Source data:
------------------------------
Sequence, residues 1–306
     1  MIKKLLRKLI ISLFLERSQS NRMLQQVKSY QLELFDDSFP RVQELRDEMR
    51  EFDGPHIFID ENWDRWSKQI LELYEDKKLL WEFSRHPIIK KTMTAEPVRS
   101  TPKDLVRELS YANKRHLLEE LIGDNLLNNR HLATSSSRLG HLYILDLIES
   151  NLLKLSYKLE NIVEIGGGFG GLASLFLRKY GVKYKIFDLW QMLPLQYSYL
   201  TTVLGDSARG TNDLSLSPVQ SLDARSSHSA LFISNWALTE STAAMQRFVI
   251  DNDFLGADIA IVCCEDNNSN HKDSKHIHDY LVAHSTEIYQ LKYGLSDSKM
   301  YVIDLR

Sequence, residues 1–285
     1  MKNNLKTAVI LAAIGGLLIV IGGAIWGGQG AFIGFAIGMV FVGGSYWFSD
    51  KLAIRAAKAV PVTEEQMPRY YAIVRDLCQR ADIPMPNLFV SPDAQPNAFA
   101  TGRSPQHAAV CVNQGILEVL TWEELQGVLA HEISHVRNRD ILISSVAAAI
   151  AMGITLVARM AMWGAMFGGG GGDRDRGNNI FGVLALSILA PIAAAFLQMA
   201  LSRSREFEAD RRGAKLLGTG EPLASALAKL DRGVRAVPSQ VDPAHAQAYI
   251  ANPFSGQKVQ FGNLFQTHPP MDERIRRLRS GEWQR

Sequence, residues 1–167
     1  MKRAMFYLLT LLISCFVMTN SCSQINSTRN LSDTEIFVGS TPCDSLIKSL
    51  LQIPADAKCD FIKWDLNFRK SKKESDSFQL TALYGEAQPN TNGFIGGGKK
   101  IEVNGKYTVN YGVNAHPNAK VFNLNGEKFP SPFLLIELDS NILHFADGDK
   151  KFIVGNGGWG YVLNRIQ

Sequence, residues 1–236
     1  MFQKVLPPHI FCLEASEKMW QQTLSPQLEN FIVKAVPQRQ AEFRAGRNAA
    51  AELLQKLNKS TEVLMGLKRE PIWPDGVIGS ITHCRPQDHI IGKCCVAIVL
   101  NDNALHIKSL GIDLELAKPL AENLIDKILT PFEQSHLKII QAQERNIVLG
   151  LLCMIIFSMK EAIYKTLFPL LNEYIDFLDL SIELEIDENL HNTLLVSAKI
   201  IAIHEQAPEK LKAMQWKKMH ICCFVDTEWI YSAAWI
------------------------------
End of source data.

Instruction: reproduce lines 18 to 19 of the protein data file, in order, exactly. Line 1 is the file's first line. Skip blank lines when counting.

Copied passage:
    51  LQIPADAKCD FIKWDLNFRK SKKESDSFQL TALYGEAQPN TNGFIGGGKK
   101  IEVNGKYTVN YGVNAHPNAK VFNLNGEKFP SPFLLIELDS NILHFADGDK